When you play with your puppy, let him mouth on your hands. Continue play until he bites especially hard. When he does, immediately give a high-pitched yelp, as if you’re hurt, and let your hand go limp. This should startle your puppy and cause him to stop mouthing you, at least momentarily. (If yelping seems to have no effect, you can say “Too bad!” or “You blew it!” in a stern voice instead.) Praise your puppy for stopping or for licking you. Resume whatever you were doing before. If your puppy bites you hard again, yelp again. Repeat these steps no more than three times within a 15-minute period. If you find that yelping alone doesn't work, you can switch to a time-out procedure. Time-outs are often very effective for curbing mouthing in puppies. When your puppy delivers a hard bite, yelp loudly. Then, when he startles and turns to look at you or looks around, remove your hand. Either ignore him for 10 to 20 seconds or, if he starts mouthing on you again, get up and move away for 10 to 20 seconds. After the short time-out, return to your puppy and encourage him to play with you again. It’s important to teach him that gentle play continues, but painful play stops. Play with your puppy until he bites hard again. When he does, repeat the sequence above. When your puppy isn’t delivering really hard bites anymore, you can tighten up your rules a little. Require your puppy to be even gentler. Yelp and stop play in response to moderately hard bites. Persist with this process of yelping and then ignoring your puppy or giving him a time-out for his hardest bites. As those disappear, do the same for his next-hardest bites, and so on, until your puppy can play with your hands very gently, controlling the force of his mouthing so that you feel little or no pressure at all. 
What to Do Next: Teach Your Puppy That Teeth Don’t Belong on Human Skin
•Substitute a toy or chew bone when your puppy tries to gnaw on fingers or toes.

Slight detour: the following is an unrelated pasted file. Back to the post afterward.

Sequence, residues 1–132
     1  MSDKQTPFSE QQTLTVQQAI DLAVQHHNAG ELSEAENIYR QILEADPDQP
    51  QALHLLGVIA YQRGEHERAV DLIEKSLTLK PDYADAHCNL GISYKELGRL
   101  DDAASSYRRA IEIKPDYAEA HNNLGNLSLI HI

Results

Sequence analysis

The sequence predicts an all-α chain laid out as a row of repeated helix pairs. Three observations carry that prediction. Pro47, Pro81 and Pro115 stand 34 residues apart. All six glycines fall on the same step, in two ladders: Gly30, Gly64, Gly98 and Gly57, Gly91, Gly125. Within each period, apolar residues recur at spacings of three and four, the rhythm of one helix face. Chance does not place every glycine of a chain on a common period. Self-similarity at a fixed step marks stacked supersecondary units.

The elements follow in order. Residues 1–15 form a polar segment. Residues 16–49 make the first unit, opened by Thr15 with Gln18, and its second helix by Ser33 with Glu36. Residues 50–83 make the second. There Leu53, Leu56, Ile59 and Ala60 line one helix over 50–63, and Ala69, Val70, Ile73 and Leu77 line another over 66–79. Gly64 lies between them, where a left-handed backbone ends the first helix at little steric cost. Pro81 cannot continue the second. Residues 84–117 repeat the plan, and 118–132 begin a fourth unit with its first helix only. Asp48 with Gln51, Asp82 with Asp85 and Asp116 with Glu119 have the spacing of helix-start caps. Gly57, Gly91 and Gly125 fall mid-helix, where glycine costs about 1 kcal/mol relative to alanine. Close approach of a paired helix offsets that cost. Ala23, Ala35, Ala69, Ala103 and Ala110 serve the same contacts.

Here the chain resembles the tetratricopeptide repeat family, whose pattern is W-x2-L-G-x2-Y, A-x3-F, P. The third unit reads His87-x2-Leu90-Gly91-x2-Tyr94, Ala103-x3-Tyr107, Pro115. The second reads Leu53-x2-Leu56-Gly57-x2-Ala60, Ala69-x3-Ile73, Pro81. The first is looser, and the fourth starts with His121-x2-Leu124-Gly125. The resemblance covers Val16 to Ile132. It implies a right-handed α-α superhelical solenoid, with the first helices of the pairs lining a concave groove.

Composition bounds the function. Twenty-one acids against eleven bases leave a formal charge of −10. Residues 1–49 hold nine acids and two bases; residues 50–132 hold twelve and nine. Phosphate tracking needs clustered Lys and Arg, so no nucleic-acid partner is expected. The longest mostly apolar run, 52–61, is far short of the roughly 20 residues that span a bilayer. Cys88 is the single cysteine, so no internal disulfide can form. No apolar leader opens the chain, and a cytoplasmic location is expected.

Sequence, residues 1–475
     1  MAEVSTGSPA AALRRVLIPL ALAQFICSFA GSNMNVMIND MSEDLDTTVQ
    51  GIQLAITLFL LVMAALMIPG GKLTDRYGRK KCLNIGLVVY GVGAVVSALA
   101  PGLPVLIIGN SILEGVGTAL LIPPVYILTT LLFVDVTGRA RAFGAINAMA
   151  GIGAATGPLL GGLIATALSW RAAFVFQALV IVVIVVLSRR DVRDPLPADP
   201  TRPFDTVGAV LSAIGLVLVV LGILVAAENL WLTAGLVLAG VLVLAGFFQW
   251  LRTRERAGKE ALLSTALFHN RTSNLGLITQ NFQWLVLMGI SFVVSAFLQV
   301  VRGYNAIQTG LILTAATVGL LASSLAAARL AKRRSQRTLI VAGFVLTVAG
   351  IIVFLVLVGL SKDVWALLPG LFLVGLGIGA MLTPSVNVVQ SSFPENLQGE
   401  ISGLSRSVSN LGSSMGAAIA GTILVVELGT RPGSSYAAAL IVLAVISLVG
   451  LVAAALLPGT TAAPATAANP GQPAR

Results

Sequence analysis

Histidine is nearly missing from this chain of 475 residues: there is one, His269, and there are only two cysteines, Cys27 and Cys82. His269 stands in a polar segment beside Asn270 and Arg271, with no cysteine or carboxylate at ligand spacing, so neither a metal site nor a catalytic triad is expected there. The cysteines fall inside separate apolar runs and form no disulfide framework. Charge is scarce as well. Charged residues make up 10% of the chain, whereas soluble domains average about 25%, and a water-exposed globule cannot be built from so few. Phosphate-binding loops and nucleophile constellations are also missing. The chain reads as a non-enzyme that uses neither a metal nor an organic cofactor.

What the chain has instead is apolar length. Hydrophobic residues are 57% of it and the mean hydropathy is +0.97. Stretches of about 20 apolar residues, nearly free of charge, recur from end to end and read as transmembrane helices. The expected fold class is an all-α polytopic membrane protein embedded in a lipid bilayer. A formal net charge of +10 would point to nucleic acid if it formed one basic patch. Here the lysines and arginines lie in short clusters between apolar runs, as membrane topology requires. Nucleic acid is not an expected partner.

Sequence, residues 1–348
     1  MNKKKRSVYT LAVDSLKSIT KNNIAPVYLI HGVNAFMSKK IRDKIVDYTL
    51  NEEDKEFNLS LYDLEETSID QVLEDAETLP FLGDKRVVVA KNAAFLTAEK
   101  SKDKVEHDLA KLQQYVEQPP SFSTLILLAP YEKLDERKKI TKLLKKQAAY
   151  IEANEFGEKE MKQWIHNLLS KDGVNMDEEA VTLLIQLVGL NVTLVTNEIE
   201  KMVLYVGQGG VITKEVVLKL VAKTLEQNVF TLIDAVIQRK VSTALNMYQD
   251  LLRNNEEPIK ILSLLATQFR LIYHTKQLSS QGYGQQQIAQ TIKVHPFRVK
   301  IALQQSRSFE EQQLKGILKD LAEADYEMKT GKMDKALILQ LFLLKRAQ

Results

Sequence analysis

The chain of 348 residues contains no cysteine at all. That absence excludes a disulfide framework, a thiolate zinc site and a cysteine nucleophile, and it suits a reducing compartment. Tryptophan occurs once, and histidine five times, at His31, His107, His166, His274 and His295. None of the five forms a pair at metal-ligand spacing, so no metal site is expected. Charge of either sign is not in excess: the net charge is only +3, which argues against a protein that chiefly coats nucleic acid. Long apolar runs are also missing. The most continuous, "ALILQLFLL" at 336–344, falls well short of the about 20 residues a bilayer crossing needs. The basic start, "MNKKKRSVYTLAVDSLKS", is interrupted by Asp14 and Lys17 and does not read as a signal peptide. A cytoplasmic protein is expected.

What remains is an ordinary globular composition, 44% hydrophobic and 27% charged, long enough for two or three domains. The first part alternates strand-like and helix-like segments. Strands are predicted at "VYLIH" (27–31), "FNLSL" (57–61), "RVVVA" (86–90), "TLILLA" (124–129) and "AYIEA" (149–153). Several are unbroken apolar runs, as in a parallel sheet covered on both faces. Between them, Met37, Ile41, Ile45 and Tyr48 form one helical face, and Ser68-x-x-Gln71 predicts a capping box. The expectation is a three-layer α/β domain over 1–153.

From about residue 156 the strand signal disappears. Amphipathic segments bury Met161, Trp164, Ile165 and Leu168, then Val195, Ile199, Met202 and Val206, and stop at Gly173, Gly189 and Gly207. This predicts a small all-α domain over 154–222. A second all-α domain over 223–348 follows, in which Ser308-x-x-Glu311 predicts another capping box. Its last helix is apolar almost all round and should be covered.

•Puppies often mouth on people’s hands when stroked, patted and scratched (unless they’re sleepy or distracted). If your puppy gets all riled up when you pet him, distract him by feeding him small treats from your other hand. This will help your puppy get used to being touched without mouthing. 
•Encourage noncontact forms of play, such as fetch and tug-of-war, rather than wrestling and rough play with your hands. (Refer to our article, Teaching your Dog to Play Fetch, to learn more about this game.) To keep tug-of-war safe and fun for you and your puppy, you’ll need to follow strict rules. Please see our article, Teaching Your Dog to Play Tug-of-War, for detailed guidelines. Once your puppy can play tug safely, keep tug toys in your pocket or have them easily accessible. If he starts to mouth you, you can immediately redirect him to the tug toy. Ideally, he’ll start to anticipate and look for a toy when he feels like mouthing. 
•If your puppy bites at your feet and ankles, carry his favorite tug toy in your pocket. Whenever he ambushes you, instantly stop moving your feet. Take out the tug toy and wave it enticingly. When your puppy grabs the toy, start moving again. If you don’t happen to have the toy available, just freeze and wait for your puppy to stop mouthing you. The second he stops, praise and get a toy to reward him. Repeat these steps until your puppy gets used to watching you move around without going after your feet or ankles. 
•Provide plenty of interesting and new toys so that your puppy will play with them instead of gnawing on you or your clothing. 
•Provide plenty of opportunities for your puppy to play with other puppies and with friendly, vaccinated adult dogs. Playing and socializing with dog buddies is important for your puppy’s development—and if he expends a lot of his energy playing with other puppies, he’ll feel less motivated to play roughly with you. Consider enrolling your puppy in a good puppy class, where he can have supervised playtime with other puppies and learn some important new skills! Please see our article, Finding Professional Help, to locate a Certified Professional Dog Trainer (CPDT) in your area who offers puppy classes. 
•Use a time-out procedure, just like the one described above—but change the rules a little. Instead of giving your puppy time-outs for hard biting, start to give him time-outs every time you feel his teeth touch your skin. 
◦The instant you feel your puppy’s teeth touch you, give a high-pitched yelp. Then immediately walk away from him. Ignore him for 30 to 60 seconds. If your puppy follows you or continues to bite and nip at you, leave the room for 30 to 60 seconds. (Be sure that the room is “puppy-proofed” before you leave your puppy alone in it. Don’t leave him in an area with things he might destroy or things that might hurt him.) After the brief time-out, return to the room and calmly resume whatever you were doing with your puppy.